“I would love to feel proud to be able to say, ‘Oh, I wish you’d been at the convention. It was the best thing ever.’ But I’m not.”

More than halfway through the convention, the party seems to be what Trump might have called “low energy,” the phrase he once used to describe Jeb Bush. Some attendees have already left, and the seats have never been completely full in the arena where the NBA champion Cleveland Cavaliers play.

During the first two nights, most delegates had filed out by the time the final speakers took the stage.

After months of opposing Trump, House Speaker Paul Ryan and Senate majority leader Mitch McConnell both took the stage Tuesday night, declaring their support for the nominee. McConnell was booed, and Ryan — a onetime wunderkind of the Republican Party — was received tepidly as he gave a speech rich on policy. And on Wednesday, former rival Ted Cruz spoke, but declined to endorse Trump.

While each day has had a theme, there is little cohesion among the speakers, and the name Clinton is uttered far more often than the name Trump.

Ben Carson, one of the Republican speakers, said the presumptive Democratic nominee had sympathy for Lucifer. A top RNC official blamed Clinton for not standing up for those who accused Bill Clinton of sexual improprieties. One of the most animated moments of the convention came when delegates chanted over and over: “Lock her up! Lock her up!” and “Guilty!’’

Yet, in an interview this week, Anne Copp, a New Hampshire delegate from Danbury, pushed back on the notion that Trump is sexist and racist.

“I’m offended by that,” Copp said. “I’m not an uneducated, low-class woman, and I’m for Trump.”

In fact, she said, Trump is making the GOP more inclusive.

“He’s widened the party,” she said. “It’s no longer going to be leaning toward the establishment.”

Other delegates credit Trump for expanding the party base to appeal to blue-collar union workers who have traditionally voted Democrat by focusing on international trade and prosperity, as well as voters disenchanted with the Republican establishment.

“I didn’t get the appeal at first,” said Chris Ager, a New Hampshire delegate from Amherst who had supported Scott Walker and Marco Rubio.

But Ager said his two sons, ages 26 and 30, who had never voted in their lives, quickly became Trump fans because he’s a brash, straight-talking “billionaire who can’t be controlled by anyone.”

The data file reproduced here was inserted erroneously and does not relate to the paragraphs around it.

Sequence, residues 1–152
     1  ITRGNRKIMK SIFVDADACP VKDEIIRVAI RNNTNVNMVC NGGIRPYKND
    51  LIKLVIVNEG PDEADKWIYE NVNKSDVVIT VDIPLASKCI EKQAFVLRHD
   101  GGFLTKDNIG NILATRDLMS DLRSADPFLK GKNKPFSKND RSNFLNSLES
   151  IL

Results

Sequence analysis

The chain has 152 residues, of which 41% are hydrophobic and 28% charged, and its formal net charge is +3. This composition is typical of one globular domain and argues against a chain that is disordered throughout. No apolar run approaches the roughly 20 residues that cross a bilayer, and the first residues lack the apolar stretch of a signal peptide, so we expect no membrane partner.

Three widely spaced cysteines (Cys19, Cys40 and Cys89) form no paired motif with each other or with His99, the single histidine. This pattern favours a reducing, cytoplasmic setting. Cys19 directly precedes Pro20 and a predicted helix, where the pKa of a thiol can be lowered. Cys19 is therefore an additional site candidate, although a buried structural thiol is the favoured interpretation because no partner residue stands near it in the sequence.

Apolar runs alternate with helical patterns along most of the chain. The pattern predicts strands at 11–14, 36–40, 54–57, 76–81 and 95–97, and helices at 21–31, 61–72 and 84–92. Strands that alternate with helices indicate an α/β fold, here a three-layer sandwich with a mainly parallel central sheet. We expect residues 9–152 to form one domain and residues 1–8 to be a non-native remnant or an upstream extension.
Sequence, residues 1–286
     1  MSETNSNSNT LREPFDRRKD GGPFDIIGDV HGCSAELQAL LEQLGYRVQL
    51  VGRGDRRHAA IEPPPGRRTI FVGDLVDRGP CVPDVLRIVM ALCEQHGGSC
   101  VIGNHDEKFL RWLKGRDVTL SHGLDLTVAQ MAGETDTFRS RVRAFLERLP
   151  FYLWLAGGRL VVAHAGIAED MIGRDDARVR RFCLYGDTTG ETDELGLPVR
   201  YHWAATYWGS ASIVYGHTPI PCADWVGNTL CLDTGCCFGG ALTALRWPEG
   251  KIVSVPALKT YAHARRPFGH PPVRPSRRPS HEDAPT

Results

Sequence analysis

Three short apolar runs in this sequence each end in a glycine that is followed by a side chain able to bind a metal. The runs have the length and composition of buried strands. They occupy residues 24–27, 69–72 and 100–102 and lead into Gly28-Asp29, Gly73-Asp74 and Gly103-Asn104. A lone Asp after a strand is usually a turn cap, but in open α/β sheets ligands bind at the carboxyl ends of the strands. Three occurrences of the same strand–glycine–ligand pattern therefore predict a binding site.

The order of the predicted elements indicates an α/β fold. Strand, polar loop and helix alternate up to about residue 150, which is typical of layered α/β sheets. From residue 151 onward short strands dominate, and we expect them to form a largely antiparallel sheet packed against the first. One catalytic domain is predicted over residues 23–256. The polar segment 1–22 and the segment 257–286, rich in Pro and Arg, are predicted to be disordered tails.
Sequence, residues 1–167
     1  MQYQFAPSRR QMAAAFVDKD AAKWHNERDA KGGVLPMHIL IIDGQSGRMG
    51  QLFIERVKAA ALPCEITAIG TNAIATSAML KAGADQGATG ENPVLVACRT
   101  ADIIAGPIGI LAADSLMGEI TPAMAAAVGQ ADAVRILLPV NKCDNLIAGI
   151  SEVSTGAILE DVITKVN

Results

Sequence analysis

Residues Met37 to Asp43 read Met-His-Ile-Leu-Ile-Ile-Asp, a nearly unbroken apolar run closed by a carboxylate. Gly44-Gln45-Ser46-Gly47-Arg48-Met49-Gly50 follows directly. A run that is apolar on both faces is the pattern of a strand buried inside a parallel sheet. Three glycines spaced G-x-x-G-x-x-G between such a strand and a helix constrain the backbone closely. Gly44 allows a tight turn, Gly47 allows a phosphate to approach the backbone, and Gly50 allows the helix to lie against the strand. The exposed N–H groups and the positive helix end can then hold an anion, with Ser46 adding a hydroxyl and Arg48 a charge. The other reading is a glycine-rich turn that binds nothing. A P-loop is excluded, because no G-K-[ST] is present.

Some social conservatives say they are even willing to overlook Trump’s more moderate positions on traditional Republican stances on gays and abortion because they would rather see the next Supreme Court justice appointed by Trump than his Democratic rival.

In other words, they agree with him on enough to make him acceptable, especially when compared with Hillary Clinton.

“I have opinions that differ from Donald Trump in socially conservative ways,” said Steve Goddu, a New Hampshire delegate from Salem who had originally supported Cruz. “But if you get 80 percent, that’s a good day.”

“I am very hopeful in the direction that Trump can take the party,” said Curtis Hill, the Republican nominee for Indiana attorney general. “He has captured a movement and brought energy to the campaign and he wants to make America great again. What is wrong with that?

“He is different than most Republicans and his campaign is different, but this country is stuck and we need a new direction.”

Georgia activist Debbie Whelchel is concerned about what direction Trump will take the party.

“Yes, of course I am worried,” said Whelchel, who backed Marco Rubio in the presidential primary. “He is a loose cannon, and who knows what he will do or say?. He is an outsider, but we are a conservative party. We like tradition and rules, and he doesn’t.”

Annie Linskey and James Pindell of the Globe staff contributed to this report. Matt Viser can be reached at matt.viser@globe.com.